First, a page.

3. New Branding: New constitutional amendments endorsed – The 2007 AGM approved and adopted into use a total of 19 amendments to the FANPAN constitution – including the electing of a more functional regional board directly by the AGM, as opposed to the original representation system. These amendments constitute a new “branding” for FANRPAN. While maintaining the main frame of the original FANRPAN, the new amendments will greatly enhance performance and efficacy. The new constitution came into force immediately and the AGM approved five (5) new Board members: (i) Dr Sam Mundia (Permanent secretary, Zambia; (ii) Mr Ajay Vashee (President of SACAU); (iii) Professor Mandivamba Rukuni (Director, Africa Kellogg Foundation); (iv) Professor J F Kirsten (University of Pretoria) and (v) Dr. Lindiwe. M. Sibanda, (CEO, FANRPAN). Representatives from SADC, the Private Sector and the Host Country (SA) will be added to the board at a later stage. This is the new board that will oversee the implementation of the new strategy. These amendments represent a new FANRPAN approach to doing business.


  4. The Impact of HIV and AIDS on Agriculture and Food Security in Southern Africa: The Household Assets Vulnerability Assessment (HAVA), previously Househould Vulnerability Index (HVI), - Since 2004 FANRPAN has been studying the policy implications of the high prevalence of HIV and AIDS in Southern Africa on agriculture and food security. Through this research, FANRPAN has developed a new statistical tool – the Household Assets Vulnerability Assessment (HAVA), previously Househould Vulnerability Index (HVI), – that can be used to improve vulnerability assessment and analysis, as well as, the targeting of mitigation responses. The tool is able to quantify the different degrees of vulnerability introduced into various households and thus facilitate response programming. This tool has been field-tested in Lesotho, Swaziland and Zimbabwe and the findings were presented at the dialogue. The delegates resolved that (1) FANRPAN should consider how the HAVA can be packaged for use by individual researchers, research institutions, civil society organizations and international agencies; (2) FANRPAN should work out how current and new users of the HAVA can access adequate technical and financial support for institutionalization and wider application of the index; (3) Further operational research and wider application of the HAVA methodology should be undertaken in at least three more countries in order to ensure that all the operational constraints of using the index have been dealt with - in preparation for a wider rollout of the tool; (4) There is need to adapt the HAVA for wider community participation which entails interfacing the tool with existing participatory approaches such as vulnerability mapping; and (5) FANRPAN should spearhead a regional adoption and implementation plan for the HAVA.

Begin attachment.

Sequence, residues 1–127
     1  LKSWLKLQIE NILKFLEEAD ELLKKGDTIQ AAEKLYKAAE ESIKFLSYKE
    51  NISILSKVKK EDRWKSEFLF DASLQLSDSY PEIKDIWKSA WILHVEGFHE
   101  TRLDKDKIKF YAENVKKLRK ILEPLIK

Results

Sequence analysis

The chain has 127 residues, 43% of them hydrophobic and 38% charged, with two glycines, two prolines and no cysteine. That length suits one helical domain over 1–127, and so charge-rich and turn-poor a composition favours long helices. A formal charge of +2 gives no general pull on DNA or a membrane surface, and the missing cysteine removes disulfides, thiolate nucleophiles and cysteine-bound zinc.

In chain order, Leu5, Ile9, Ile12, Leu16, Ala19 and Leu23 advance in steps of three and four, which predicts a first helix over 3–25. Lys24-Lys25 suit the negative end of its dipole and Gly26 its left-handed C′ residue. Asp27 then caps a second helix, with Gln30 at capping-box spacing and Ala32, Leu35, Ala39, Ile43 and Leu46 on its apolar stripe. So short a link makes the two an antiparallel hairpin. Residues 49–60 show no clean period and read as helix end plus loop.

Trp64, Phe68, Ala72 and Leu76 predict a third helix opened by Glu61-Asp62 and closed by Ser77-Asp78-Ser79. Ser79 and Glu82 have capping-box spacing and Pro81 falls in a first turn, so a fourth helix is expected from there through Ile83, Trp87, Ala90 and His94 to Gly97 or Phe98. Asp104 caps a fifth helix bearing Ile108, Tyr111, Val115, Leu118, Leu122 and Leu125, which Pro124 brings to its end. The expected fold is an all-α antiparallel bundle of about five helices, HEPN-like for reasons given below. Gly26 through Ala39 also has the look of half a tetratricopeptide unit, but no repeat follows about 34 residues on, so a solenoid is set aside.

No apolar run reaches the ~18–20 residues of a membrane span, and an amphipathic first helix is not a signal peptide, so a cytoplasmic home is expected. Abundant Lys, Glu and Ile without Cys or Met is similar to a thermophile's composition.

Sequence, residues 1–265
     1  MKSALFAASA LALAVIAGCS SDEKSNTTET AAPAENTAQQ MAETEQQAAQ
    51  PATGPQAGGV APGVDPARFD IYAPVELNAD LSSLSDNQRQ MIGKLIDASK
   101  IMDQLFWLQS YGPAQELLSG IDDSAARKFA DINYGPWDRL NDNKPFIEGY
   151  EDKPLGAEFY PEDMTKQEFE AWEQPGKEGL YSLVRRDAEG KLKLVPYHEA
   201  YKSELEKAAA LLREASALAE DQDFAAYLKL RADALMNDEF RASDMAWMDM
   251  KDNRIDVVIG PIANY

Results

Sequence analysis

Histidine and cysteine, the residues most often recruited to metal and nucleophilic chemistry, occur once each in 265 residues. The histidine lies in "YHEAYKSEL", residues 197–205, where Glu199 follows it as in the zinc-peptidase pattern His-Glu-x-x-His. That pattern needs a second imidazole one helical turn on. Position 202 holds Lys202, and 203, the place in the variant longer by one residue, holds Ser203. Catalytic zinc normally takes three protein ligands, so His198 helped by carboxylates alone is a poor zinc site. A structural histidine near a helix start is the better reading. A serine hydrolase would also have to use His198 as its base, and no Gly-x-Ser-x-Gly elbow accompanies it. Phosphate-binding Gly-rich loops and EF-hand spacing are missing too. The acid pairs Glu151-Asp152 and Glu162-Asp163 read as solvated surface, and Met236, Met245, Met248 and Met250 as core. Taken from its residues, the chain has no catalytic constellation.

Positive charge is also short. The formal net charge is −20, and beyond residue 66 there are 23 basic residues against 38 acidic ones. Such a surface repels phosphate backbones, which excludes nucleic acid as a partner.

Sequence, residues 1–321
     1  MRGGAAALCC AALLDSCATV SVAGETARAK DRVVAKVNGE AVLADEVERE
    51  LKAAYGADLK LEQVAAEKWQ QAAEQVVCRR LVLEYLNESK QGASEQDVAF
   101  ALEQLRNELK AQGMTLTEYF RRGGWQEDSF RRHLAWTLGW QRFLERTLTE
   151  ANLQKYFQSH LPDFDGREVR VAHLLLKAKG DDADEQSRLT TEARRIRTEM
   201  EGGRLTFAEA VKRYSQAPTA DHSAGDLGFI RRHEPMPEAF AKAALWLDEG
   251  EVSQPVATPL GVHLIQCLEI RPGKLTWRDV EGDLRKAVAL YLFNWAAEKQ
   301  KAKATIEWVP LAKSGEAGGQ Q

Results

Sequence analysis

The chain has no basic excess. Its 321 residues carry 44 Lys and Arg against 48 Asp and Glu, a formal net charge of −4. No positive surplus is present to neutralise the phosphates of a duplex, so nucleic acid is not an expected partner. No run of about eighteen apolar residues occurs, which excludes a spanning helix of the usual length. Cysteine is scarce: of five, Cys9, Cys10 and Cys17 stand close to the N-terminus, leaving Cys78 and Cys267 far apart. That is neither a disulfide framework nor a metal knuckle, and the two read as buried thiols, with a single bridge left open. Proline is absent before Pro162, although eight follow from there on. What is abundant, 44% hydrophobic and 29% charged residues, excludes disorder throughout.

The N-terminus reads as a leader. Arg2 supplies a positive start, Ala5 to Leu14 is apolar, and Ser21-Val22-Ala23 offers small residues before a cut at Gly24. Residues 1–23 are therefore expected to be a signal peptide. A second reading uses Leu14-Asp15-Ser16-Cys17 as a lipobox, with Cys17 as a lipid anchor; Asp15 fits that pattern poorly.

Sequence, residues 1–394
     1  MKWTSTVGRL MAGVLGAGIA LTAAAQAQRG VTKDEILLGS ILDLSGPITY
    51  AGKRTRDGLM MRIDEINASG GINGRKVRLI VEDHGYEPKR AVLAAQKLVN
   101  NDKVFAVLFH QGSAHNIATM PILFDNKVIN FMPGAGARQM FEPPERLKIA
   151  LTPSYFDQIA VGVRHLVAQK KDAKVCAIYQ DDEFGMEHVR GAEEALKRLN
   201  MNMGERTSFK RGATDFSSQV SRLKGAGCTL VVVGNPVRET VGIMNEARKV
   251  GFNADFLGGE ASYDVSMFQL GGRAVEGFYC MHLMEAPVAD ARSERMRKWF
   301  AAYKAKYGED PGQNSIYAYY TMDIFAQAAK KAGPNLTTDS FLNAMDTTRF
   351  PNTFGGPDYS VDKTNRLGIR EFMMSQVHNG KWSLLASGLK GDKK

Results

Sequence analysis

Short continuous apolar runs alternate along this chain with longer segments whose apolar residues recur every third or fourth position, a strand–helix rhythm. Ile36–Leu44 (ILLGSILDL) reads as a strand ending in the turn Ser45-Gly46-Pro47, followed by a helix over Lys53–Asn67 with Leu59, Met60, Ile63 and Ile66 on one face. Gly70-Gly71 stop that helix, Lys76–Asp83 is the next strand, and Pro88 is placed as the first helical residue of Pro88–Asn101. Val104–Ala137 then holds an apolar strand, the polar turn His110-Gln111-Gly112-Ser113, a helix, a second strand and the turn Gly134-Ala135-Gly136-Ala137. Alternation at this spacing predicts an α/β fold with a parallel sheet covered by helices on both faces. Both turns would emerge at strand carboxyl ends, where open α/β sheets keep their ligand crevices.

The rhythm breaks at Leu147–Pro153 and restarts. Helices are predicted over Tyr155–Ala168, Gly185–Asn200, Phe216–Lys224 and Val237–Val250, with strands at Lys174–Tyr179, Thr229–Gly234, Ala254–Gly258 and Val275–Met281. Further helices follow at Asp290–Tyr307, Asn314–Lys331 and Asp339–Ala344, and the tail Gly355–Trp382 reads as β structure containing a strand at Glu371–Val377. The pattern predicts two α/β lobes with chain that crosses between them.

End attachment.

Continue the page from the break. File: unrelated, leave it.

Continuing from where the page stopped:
5. Promoting Regional Economic Integration: Evaluating the Potential of Input Vouchers (Fertilizer and Seed) as a Mechanism for Integrating the non-Commercial and Commercial Inputs Markets – FANRPAN research has established that two (2) parallel inputs distribution channels exist in most SADC member states: (a) non-commercial distribution through farmer support programmes, and (2) commercial distribution through the retail networks of private sector companies. FANRPAN has proposed the use “input Vouchers” - for both fertilizer and seed - as a mechanism for integrating the commercial and noncommercial inputs channels as a way of promoting the growth of the private sector companies, as well as, improving access and choice by farmers. Inputs vouchers can be used by government and relief agencies to distribute purchasing power to farmers while private sector companies expand their retail networks to redeem these vouchers. The voucher system is being tested in Malawi, Zambia and Mozambique. The findings were presented at the dialogue and the delegates resolved that: (1) FANRPAN should continue to support the voucher study to enable conclusive results in assessing the sustainability of the voucher system; the exit strategy of vouchers and subsidies; and the linkage of vouchers/subsidies to agroforestry; and (2) FANRPAN should facilitate the publication of best practices emanating from this research.